Rüdiger's Blog IPFS, algorithms, data structures

Safely running a public IPFS gateway using nginx


TL;DR;

  • publish multiple websites via IPFS
  • provide access via IPFS gateway
  • prevent download of arbitrary, non-endorsed content

Why?

If you are working or playing with IPFS, you are probably running an ipfs node somewhere on the internet. IPFS has the nice property that your node will only ever contain data that you have requested or added yourself, so this is a pretty safe thing to do. The bandwidth use of an ipfs node hosting some obscure content is pretty moderate, and you won't suddenly find illegal content in your local cache.

But once you expose the ipfs gateway to the world, this goes out of the window. Anybody can request anything that is anywhere on IPFS via your gateway. Currently this is not such a big deal, since IPFS is still relatively unknown. But even now it is not wise to rely on this. You might end up with a huge bandwidth bill or even some legal trouble.

But on the other hand, it would be nice to expose an IPFS gateway to provide quick and safe access to your own content or content you endorse. So how do you do this?

DNS links

Assigning hashes to domain names

Ipfs allows assigning IPFS hashes (or IPNS names) to DNS entries via TXT records with content "dnslink=/ipfs/QmRzNhBJd1ppKCNkXe1V7qqTC1yx72aVzMZDrbM8QVUcFj". Once you have such a TXT record pointing to a valid hash, you can use it in an ipns url. E.g. http://gateway.ipfs.io/ipns/blog.klaehn.org .

See this excellent guide for details.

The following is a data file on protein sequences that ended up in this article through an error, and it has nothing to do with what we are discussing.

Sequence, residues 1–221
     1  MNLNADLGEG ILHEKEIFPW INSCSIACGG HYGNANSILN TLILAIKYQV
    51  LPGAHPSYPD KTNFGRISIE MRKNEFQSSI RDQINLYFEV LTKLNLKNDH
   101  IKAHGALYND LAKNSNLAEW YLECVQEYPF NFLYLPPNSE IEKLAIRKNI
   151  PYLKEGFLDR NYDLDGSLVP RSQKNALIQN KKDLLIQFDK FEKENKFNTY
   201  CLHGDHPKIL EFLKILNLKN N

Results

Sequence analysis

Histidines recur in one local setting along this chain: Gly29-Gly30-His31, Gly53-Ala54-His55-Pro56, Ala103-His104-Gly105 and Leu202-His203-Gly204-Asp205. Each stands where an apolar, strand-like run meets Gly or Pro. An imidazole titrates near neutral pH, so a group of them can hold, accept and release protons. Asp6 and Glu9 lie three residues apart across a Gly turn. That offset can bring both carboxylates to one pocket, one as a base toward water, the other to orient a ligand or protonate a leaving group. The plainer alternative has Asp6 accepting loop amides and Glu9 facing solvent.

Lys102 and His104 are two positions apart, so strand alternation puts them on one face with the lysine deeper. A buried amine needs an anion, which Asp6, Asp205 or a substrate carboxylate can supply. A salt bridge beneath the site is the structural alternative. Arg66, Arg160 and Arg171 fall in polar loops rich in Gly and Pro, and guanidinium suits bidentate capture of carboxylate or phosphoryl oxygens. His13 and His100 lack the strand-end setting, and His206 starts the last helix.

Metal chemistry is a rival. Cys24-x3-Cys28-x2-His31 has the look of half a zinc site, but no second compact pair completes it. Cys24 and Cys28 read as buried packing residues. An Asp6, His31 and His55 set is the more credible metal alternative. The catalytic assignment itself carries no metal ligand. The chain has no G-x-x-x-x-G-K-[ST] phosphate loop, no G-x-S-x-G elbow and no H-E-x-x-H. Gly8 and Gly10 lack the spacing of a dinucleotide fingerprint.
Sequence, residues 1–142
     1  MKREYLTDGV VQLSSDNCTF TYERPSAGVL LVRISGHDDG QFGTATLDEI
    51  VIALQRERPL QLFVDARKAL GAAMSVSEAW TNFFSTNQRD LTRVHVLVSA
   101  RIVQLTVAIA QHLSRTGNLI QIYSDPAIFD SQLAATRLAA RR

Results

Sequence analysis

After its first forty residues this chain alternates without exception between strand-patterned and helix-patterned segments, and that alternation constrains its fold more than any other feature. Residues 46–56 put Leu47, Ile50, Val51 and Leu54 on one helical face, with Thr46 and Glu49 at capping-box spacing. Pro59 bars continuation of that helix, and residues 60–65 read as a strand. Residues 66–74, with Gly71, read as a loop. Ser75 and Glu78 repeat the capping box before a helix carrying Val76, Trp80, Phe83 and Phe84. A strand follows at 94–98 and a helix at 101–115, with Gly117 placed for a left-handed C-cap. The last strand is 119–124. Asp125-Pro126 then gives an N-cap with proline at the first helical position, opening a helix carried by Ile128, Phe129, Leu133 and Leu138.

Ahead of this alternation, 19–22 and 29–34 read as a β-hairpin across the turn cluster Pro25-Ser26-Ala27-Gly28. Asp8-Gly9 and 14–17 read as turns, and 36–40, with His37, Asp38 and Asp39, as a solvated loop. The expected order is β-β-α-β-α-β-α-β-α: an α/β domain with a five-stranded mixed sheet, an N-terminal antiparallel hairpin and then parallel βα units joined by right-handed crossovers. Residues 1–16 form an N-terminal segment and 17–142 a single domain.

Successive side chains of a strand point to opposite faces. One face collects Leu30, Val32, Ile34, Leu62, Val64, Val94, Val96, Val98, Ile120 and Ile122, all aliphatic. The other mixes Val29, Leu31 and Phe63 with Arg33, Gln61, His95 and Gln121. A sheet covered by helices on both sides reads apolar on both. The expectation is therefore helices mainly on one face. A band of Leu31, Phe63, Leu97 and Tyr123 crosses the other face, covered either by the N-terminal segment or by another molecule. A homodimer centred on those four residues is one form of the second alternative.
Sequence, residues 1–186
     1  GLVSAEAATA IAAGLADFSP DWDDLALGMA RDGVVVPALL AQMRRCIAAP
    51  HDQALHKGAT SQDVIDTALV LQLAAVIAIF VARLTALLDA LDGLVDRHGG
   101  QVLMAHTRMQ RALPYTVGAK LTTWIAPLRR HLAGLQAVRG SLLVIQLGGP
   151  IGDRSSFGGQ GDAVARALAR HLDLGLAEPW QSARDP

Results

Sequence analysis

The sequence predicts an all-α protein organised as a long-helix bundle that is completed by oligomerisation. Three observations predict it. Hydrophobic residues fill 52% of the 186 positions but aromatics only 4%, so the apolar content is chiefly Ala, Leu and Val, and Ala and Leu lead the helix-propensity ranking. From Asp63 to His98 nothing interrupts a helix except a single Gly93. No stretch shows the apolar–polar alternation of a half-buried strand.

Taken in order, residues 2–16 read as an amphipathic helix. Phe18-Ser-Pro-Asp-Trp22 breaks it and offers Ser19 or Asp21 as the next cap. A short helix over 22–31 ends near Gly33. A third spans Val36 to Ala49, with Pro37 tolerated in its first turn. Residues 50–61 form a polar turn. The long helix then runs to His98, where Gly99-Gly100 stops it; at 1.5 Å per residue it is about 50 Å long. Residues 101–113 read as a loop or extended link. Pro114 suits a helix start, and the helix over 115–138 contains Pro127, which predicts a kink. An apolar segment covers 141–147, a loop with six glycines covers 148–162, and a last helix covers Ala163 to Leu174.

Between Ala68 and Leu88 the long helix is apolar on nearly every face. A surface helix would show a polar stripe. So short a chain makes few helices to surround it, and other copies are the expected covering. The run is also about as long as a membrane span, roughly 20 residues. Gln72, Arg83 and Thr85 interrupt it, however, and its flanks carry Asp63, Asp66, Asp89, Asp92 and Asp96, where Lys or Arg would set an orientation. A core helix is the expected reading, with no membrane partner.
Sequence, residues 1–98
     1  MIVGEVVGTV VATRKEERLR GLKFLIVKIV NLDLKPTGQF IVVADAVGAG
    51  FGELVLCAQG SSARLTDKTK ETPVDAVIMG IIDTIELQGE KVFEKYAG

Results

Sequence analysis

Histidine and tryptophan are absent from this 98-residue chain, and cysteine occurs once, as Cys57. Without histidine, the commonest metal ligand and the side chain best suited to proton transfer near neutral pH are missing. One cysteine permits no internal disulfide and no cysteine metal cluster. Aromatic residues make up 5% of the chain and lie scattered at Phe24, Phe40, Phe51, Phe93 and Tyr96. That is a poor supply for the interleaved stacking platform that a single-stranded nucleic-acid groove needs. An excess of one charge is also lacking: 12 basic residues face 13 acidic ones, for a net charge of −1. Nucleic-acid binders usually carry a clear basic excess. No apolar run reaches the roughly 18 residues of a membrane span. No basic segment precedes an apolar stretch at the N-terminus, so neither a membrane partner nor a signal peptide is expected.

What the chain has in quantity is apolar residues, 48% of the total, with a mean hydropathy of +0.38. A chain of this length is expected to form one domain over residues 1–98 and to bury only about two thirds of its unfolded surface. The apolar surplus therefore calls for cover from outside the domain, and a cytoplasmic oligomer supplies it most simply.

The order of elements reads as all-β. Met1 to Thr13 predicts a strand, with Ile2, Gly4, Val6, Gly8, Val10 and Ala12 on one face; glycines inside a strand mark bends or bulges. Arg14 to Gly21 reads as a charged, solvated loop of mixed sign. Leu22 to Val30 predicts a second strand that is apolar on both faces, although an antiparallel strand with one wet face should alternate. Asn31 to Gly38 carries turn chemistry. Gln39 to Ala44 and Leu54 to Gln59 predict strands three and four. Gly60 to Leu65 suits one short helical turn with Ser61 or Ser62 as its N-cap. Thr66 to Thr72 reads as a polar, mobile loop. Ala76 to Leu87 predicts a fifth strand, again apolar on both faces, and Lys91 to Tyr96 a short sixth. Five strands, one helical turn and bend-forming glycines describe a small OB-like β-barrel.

To see how this works, you can investigate sites published on ipfs via dig

dig -t TXT blog.klaehn.org

will return hash of the current content of this blog. This is automatically updated by continuous integration whenever I post something new. See my previous post on how that works.

Protocol labs is currently using the same mechanism for https://ipfs.io . Check dig -t TXT ipfs.io or dig -t TXT _dnslink.dist.ipfs.io to see how this works under the hood.

Assigning IP addresses to domains.

Assigning the IP address of your IPFS gateway to your domain name works exactly as with any other web server. E.g.

dig blog.klaehn.org

will return the IP address of my IPFS gateway. dig ipfs.io will return the IP address of the IPFS gateway operated by protocol labs.

Virtual hosting

In addition, when an IPFS gateway is accessed, it will look at the Host header, and check if there is a corresponding DNS TXT record. If there is, the gateway will serve the corresponding name or hash.

You can think of this as old-fashioned virtual hosting. One gateway will serve different content based on the Host header.

Setting up NGINX as a proxy

NGINX is a high performance web server and proxy server. It is pretty easy to set up.

I am using ubuntu, so all I had to do to get started was apt install nginx. See e.g. this howto for details. You will definitely find something similar for your distro of choice.

To use nginx as a proxy for the IPFS gateway, you just need to add a single proxy_pass directive to the /etc/nginx/hosts-enabled/default file. To enable the resolution based on dnslink, you just need to make sure that the Host header is forwarded.

server {
  ...